My life has not changed at all. As in the last ten years, it is blessed by the stars and eschewed by the men. Be not afraid if time passes and there is no word from me, be not anxious by the tram-station nor blue when you're playing, because I have taken my destiny in my own hands. I have thought in light-years and I have suffered in seconds.
O Brother. I'm tired. I just spent the entirety of a night writing an essay for a poetry magazine and it turned out to be 2700 words. I might try and slim it down tomorrow. I can't believe people in academia still whine about having to write a 5000 words essay every four weeks or so, what do you do with all your free time, construct cathedrals?
So this may be the chronicle of the 'aborted ideas for blog-posts' in the head of Andrea Tallarita, where there's enough space for a couple of dancing soirees anyways. Firstly, I intended to write a nice post about Blood Meridian. That's a novel about some guy you might have heard of, you know, William Shakespeare? Hello?? No wait it's Cormac Mc Carthy actually - what the fuck have I been reading all the time? Did that lady at the bookshop screw me up, like when I asked her for an edition of Kant's Critique of Pure Reason without the philosophical bits?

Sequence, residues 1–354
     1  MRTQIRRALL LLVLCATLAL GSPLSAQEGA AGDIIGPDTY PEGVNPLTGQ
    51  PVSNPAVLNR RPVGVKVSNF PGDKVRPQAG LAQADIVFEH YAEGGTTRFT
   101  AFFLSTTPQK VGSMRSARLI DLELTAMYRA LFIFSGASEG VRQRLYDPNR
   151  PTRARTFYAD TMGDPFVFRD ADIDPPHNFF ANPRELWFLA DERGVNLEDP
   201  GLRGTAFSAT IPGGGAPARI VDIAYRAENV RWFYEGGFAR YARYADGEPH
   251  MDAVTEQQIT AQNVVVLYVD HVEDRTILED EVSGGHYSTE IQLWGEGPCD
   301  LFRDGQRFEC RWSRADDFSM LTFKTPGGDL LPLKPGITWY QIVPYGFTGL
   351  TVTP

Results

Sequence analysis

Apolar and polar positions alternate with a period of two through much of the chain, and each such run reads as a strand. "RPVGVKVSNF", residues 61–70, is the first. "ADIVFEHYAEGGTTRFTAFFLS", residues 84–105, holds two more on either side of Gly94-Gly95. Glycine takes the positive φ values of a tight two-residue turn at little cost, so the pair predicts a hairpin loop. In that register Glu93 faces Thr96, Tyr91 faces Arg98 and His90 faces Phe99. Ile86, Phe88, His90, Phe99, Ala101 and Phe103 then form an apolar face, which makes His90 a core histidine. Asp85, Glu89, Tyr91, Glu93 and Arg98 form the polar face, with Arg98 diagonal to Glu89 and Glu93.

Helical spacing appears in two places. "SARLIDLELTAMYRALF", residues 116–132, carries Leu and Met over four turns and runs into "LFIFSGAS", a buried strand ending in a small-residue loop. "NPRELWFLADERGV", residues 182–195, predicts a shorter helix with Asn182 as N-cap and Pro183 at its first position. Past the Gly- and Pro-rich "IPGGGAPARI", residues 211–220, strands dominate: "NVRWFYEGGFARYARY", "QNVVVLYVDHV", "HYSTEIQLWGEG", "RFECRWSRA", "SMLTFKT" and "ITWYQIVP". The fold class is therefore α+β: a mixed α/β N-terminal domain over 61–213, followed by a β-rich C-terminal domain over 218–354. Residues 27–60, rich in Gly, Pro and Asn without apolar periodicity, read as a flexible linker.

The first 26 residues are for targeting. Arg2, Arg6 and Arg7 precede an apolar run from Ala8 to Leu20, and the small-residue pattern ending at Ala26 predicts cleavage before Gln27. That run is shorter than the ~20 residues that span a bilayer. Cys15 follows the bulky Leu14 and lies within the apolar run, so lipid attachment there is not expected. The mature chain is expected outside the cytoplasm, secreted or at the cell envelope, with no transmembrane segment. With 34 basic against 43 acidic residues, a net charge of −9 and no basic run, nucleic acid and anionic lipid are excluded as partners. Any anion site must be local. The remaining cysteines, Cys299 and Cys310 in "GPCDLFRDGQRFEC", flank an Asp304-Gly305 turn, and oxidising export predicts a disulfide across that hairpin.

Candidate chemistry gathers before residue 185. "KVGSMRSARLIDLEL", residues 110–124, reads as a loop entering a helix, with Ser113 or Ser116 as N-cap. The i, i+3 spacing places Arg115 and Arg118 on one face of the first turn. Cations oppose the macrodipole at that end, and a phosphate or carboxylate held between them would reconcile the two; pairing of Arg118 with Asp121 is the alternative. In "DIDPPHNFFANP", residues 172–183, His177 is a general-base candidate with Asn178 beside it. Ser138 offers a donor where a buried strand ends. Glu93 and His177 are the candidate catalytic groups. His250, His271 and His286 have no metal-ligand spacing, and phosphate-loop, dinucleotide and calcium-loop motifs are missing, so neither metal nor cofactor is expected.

It would have made for a nice good book review or something, and though this may have twisted the panties of all those who saw their nuts falling onto the floor-tiles with tedium after I ejaculated my mumblings about Ulysses (incidentally that didn't feel like ejaculating at all, I've had better orgasms when my adolescential wet-dreams still failed to distinguish between hot and tumescent and they got me in bed with my math teacher, who was a fat reef of such proportions that when she sat in the sea, mussels started building homes on her ass), though it may have caused pain, I was saying, it would nonetheless have been a safe bet.